In her, Alligator Bayou, (which I will review in the upcoming weeks in L’Italo-Americano), Donna Jo Napoli has written an excellent fictional treatment of the Tallulah lynchings. The Sicilian store owners did the unthinkable in the American South in the 1890s. When their white customers demanded that they be waited on first ahead of their black customers, the Sicilian store owners told them that they had to wait their turn behind their black customers who had entered the store before them. They and three other Sicilians paid the highest price for their resistance to the Jim Crow laws: they were lynched along with three other Sicilians. The Louisiana lynchings terrorized all other Italians in the region for years.
Sicilian immigrants’ resistance to Jim Crow Laws are nothing new to me or any Sicilian with roots in the American South. My father was born and raised in Bryan, Texas. One story he told often was the day that three members of the local Ku Klux Klan knocked on my grandfather’s door. In threatening language they told my grandfather that he had to stop allowing his black friends in through their front door and to stop eating at the dinner table with them. The threat was clear: if he didn’t, he personally would either come to a violent end or the Klan would return some night and burn the house down, killing the entire family, including my father and his seven siblings.
In typical Sicilian fashion, my grandfather did not stop socializing with his black friends. My father always said with a smirk, “We ate out by the barn mostly anyway, where we roasted our pigs and made our sauces.” After centuries of enduring the dominance of invading cultures, from the Saracens to the French, Germans and English, Sicilians knew how to deal with hostile, dominant social forces while maintaining their own identity and dignity.
For her documentation, Salvetti painstakingly scoured newspaper archives in local historical societies and libraries. These newspaper articles provided some of the most revealing attitudes of the era towards Italian immigrants. Seldom did the papers ever condemn the lynchings. The often unstated subtext of the articles was that the Italian immigrants were always in some way responsible for their own lynchings. Perhaps the most informative source that Salvetti consulted on the subject is in the diplomatic archives in Rome. Because most of the Italian immigrants were Italian citizens and had not become naturalized American citizens, after each lynching, the Italian ambassador to the U.S. was informed.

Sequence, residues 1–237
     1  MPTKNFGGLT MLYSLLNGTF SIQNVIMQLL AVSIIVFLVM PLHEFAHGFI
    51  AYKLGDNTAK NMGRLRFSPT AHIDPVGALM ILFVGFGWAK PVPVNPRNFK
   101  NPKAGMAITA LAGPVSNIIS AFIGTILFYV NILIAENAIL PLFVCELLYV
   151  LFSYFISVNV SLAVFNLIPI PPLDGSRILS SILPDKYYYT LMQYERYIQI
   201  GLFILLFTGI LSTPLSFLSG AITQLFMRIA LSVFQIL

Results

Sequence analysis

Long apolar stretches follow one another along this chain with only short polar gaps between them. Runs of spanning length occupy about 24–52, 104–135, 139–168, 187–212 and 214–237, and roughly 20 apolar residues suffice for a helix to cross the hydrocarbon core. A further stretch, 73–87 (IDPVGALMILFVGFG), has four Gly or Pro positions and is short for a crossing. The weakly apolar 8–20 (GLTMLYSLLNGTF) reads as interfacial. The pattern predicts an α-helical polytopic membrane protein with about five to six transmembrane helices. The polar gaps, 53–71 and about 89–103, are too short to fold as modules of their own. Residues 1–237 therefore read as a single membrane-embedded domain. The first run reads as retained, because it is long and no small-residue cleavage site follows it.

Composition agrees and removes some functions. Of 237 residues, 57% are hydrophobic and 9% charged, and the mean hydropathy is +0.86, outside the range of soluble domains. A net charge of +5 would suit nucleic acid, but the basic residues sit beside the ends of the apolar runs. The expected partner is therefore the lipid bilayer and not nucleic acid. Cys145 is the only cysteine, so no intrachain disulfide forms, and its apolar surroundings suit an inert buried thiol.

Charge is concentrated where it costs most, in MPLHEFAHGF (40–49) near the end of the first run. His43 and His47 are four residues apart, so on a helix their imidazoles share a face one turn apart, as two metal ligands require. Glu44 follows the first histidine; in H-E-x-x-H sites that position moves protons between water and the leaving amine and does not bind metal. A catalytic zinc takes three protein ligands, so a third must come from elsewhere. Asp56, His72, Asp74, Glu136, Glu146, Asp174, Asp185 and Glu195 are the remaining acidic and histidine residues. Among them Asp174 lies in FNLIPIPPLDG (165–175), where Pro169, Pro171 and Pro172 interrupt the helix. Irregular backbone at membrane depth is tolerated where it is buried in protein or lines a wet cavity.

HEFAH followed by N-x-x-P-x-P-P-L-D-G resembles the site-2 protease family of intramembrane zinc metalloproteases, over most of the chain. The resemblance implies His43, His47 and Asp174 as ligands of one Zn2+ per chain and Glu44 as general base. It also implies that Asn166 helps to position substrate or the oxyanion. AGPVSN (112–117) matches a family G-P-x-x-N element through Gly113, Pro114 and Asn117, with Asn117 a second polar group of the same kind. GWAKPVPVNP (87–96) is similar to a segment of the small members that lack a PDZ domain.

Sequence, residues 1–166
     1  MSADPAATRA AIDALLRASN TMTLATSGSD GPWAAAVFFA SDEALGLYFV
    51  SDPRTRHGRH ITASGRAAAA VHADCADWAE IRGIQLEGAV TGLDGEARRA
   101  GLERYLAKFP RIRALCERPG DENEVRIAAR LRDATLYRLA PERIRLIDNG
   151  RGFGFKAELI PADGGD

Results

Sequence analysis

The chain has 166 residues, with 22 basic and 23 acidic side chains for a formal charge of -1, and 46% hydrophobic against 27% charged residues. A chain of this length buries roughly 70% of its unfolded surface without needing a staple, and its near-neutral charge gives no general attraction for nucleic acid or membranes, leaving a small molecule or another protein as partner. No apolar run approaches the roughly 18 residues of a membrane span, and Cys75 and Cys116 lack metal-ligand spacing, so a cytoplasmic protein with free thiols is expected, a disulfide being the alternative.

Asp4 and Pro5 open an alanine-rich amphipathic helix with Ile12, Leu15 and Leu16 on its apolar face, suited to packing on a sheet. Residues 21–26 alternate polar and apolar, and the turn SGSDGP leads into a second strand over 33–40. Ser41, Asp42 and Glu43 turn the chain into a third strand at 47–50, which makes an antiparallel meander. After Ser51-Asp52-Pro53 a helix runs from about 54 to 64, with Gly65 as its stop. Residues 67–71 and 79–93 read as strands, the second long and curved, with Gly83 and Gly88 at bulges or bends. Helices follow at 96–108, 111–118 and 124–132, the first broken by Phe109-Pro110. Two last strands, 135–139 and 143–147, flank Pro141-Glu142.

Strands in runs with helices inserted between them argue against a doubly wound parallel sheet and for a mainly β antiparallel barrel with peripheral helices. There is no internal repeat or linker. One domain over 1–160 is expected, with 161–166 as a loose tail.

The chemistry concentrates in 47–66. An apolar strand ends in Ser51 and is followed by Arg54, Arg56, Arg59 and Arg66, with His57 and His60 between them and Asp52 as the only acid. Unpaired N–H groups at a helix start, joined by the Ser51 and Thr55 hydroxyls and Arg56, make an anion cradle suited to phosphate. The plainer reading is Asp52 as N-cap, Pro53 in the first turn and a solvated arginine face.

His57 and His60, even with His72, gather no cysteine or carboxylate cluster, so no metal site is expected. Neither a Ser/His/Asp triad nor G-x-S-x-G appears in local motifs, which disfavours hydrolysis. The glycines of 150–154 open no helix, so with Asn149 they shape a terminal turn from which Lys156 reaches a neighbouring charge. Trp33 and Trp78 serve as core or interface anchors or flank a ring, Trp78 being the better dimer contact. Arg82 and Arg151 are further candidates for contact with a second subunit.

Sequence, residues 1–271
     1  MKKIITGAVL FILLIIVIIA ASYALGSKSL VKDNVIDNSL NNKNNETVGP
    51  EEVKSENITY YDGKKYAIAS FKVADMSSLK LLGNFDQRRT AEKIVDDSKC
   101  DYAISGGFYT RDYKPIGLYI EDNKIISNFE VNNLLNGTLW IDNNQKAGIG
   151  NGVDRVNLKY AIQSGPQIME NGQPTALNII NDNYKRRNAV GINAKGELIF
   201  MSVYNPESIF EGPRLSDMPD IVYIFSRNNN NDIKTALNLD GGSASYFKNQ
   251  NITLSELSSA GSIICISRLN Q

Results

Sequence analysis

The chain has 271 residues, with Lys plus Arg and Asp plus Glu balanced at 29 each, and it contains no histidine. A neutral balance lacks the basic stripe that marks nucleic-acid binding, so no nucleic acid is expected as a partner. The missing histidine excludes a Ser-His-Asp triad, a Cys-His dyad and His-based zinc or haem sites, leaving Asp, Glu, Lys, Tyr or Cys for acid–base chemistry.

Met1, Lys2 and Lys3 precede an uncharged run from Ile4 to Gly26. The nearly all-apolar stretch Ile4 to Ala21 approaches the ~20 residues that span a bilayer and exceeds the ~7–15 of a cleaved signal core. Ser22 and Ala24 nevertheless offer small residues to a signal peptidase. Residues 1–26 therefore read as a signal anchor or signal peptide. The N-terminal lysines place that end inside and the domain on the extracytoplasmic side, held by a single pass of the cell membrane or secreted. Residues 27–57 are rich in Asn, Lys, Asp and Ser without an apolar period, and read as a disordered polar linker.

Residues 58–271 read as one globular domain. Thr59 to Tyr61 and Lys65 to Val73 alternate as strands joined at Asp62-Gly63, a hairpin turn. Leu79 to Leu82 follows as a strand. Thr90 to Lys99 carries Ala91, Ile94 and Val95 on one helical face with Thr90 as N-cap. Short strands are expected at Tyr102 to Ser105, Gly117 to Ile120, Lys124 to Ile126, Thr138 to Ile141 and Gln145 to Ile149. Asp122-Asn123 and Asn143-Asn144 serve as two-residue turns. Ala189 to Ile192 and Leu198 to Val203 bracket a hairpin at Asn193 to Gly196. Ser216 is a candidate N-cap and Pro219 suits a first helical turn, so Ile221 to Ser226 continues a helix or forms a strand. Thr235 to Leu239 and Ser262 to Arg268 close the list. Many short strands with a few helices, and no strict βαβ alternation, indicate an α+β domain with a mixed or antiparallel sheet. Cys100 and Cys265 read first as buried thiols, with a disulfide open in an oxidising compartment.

There ensued an exchange of letters between the ambassador and Italy and then among Italy, the ambassador, and the president of the U.S. The ambassador’s and the Italian government’s protests were met repeatedly with the same response from the U.S. State Dept. and the various sitting U.S. presidents: the federal government could do nothing about the lynchings because they were under local and state jurisdictions. As a result, all the lynchings went unpunished because of states’ rights.
The South was loath, of course, to punish the perpetrators. As the newspaper files demonstrate, local law enforcement, as well as the citizenry in general, felt that, since they were resisting the Jim Crow cast system, the Italians were in some form responsible for their fate. At the time, in the popular mind, all Italian immigrants were considered criminals.
Wide-spread lynchings throughout the U.S. are an ignominious fact in U.S. history at this time. In an essay on the subject, Mark Twain would famously rename the U.S., the “United States of Lyncherdom.” Though lynchings, including the lynching of immigrants throughout the U.S. occurred at the time, it must be emphasized that nearly five thousand African Americans during this same period were also lynched. In addition, African Americans were terrorized and lynched throughout America long after 1945. Because of states’ rights, even outside the South, many of these lynchings went unpunished.